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Is there any doubt that the name of the business game today is software? As Vijay Gurbaxani, University of California professor and founding director of the Center for Digital Transformation, writes in the Harvard Business Review, the current business environment requires every business to view itself as a software business. And, as such, every business must keep its eye on the proverbial software ball.
It seems obvious that the quality and performance of your company’s software must be spot on or your customers will look elsewhere. Yet, take a look at these statistics:
- 75% of organizations indicated that application performance is an issue for them, with 25% claiming their application is outright slow.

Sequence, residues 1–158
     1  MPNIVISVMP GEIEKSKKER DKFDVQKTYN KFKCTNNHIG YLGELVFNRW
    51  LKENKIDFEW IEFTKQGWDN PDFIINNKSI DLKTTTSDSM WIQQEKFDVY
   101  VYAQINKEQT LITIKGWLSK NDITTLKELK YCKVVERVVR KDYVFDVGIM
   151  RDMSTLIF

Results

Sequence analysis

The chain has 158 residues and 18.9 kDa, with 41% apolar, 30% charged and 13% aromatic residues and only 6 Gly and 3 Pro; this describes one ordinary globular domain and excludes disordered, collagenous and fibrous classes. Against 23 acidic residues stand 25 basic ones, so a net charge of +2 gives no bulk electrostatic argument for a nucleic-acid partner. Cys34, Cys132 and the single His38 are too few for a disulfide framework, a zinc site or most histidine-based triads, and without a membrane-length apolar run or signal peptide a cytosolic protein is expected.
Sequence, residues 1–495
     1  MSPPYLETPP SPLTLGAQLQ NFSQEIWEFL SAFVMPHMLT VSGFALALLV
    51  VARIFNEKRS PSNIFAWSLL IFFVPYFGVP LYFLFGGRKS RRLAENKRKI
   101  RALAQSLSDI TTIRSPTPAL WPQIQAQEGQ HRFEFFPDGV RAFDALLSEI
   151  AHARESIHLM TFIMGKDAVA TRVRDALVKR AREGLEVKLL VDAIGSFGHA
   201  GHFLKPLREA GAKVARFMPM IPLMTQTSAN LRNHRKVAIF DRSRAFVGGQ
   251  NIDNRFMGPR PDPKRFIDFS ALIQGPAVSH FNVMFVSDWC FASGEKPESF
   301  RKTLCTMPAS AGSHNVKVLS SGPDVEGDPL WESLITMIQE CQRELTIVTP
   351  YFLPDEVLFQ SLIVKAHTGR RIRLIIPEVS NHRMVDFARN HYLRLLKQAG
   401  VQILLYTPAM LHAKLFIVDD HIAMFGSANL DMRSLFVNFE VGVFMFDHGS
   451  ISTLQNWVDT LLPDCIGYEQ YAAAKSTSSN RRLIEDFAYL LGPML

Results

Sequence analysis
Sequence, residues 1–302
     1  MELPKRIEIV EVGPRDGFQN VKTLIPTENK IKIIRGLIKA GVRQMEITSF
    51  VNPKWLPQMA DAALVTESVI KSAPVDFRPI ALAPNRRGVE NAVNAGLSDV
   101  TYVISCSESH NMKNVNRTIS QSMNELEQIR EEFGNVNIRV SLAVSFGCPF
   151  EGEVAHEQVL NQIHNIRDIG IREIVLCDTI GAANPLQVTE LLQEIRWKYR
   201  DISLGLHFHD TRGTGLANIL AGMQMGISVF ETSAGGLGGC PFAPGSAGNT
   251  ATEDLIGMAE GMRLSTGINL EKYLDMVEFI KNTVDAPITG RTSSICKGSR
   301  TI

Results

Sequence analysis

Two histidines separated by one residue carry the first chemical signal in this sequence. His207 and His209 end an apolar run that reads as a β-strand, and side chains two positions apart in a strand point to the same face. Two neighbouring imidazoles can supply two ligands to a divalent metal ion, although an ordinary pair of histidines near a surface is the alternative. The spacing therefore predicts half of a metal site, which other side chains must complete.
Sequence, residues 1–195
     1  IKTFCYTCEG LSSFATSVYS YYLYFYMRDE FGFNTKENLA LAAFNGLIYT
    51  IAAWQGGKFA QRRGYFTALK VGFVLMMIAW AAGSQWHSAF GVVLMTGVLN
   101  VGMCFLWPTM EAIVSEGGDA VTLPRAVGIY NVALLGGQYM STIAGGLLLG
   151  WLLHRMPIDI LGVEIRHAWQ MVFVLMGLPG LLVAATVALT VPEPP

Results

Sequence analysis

- 50% of development and IT professionals reported that their organizations have repeatedly experienced slowdowns and outages due to traffic spikes.
- 40% of consumers indicate that they will leave a page that takes longer than 3 seconds to load, but the average U.S. retail mobile site had a load time averaging 6.9 seconds in July 2016.
What is going on with modern software development that’s causing performance and quality to be major pain points for many organizations? The easier question might be “what isn’t going on?” From far higher expectations for constant innovation to increasing complexity of the application environment, software teams today—developers, operations engineers, product managers, and others—face greater challenges than ever as they race to deliver innovative, quality software quickly.
It’s no wonder then that application performance monitoring (APM) has become an essential component of building and running great software. And it should come as no surprise that in addition to all the other skills and capabilities that the software team must perfect, using APM to its greatest effectiveness should be high on the list.